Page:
Looking at this graph, you cannot help being struck by how fast the situation will be changing in the next ten years — from a shortage of men of about 25% to a surplus of about 40%! The policy of affirmative action for men would seem quite silly from the vantage point of 2020 when the age at marriage will be under serious pressure to come down.
When the diagnosis is wrong, what chance has the remedy? The question that should be asked at the outset is why do women seek university education if that is not to their advantage? We have to understand why people do something before dispensing prescriptions. To assume that as experts we know more about the value of university education to women than women who seek the education takes quite a bit of hubris.
The classic rationale for policy intervention is the tragedy of the commons, as in a common pond, when individuals left to their own devices will deplete the pond of fish. In such situations it is not the superior knowledge of policy makers but their ability to restraint individual action that is the reason for policy to ration fishing rights. There is no resemblance of the situation women face with respect to dwindling number of men in universities and situations like the tragedy of commons. Why should we presume that policy makers know more about what women want from a university education, what would be their alternative (sit at home and cook for their brothers who go to university?) if they did not go to university, and how they evaluate that relative to going to university and having to marry someone with less education?
If women are going to university to improve their chances of marriage, in the face of the general demographic imbalance in the marriage market, restrictions in meeting men in public spaces, and unfavorable marriage and divorce laws, how can experts decide that they are making a bad calculation? What if staying home is inferior to marrying later, marrying someone with less education, or even not marrying at all?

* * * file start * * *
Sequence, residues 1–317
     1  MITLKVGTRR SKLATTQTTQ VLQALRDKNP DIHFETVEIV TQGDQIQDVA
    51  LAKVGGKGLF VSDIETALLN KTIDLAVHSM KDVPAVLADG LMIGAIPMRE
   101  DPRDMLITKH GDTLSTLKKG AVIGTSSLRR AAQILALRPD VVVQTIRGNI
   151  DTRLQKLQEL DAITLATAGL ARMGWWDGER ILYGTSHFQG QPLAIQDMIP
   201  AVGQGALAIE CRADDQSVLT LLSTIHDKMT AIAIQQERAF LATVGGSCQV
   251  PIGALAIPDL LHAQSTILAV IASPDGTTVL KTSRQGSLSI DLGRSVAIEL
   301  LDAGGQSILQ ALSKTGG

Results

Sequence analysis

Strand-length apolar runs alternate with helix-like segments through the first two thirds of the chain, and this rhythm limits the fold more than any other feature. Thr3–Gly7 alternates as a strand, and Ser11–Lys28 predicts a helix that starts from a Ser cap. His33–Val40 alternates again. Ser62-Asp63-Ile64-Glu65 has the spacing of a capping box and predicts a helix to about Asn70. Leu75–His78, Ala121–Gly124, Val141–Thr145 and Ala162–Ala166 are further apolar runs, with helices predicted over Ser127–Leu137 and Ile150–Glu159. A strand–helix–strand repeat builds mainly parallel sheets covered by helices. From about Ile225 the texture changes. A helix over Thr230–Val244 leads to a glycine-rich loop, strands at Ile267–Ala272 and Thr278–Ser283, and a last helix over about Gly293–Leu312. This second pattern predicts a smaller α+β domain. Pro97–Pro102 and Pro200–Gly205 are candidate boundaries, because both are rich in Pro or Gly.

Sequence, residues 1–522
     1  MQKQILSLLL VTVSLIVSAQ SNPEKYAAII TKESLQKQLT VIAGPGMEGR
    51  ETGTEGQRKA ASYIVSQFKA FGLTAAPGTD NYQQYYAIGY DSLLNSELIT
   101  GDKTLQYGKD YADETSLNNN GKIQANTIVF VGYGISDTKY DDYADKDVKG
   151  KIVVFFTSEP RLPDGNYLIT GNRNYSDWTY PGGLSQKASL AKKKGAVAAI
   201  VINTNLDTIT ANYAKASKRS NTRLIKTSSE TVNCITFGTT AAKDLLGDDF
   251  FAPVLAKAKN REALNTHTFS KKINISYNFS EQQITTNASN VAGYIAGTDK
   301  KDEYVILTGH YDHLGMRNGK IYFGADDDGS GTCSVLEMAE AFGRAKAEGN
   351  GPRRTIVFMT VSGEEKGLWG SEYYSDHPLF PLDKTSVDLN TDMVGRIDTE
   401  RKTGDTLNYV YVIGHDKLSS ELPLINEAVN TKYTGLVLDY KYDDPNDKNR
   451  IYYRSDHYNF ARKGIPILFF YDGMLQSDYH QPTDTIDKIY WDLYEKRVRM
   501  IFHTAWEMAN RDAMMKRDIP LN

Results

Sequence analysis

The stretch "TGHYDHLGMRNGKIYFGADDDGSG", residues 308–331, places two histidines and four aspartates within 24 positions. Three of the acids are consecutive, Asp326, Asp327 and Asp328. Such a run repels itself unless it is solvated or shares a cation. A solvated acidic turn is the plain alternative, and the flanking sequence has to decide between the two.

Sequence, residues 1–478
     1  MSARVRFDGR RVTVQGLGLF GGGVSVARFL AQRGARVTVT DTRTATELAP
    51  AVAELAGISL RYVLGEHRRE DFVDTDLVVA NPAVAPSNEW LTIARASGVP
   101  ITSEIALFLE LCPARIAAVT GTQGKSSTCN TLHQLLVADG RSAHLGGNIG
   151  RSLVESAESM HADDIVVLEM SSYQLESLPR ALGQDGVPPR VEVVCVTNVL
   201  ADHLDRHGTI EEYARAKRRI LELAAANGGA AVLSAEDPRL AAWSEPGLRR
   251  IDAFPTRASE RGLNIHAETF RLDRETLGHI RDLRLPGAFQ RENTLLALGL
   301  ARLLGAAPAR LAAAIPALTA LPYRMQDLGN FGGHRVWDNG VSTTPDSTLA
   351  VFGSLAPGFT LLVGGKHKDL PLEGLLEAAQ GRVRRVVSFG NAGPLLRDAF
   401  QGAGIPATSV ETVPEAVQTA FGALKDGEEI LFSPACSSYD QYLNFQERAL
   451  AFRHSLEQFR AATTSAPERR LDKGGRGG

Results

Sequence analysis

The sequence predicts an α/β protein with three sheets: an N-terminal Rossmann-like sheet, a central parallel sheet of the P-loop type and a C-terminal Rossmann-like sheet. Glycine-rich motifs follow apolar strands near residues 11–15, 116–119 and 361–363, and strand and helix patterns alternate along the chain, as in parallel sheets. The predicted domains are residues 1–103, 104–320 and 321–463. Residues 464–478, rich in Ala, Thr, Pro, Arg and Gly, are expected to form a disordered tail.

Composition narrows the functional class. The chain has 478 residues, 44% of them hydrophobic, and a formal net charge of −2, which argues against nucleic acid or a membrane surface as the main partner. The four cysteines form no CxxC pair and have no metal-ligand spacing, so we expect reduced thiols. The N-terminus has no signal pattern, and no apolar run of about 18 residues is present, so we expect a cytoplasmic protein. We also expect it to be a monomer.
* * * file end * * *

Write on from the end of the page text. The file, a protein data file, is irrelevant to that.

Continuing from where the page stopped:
But, you may ask, are public universities not common resources that should be put to their best social use, educating those who are more likely to join the labor force? First, I should say that I am against subsidizing higher education. Like energy subsidies, it tends to be regressive because the children for better off parents have a great chance to take advantage of it. I prefer charging those who can afford it the full cost and for those who cannot, offer loans to be repaid when they are employed or scholarships based on need. Second, the value of a university education is not just in the labor market; educated women provide better health and education for their children, a value that the market wage may not be able to match.
Given all the things we need to know that we don’t before we can decide where and how to intervene, there is a lesson in modesty to draw. Without the knowledge of why people do something and how particular outcomes arise, designing and implementing policies to alter those outcomes is a fool’s game– looking for solutions to imagined problems. That knowledge comes from solid policy analysis and does not come cheap; it requires good social science research.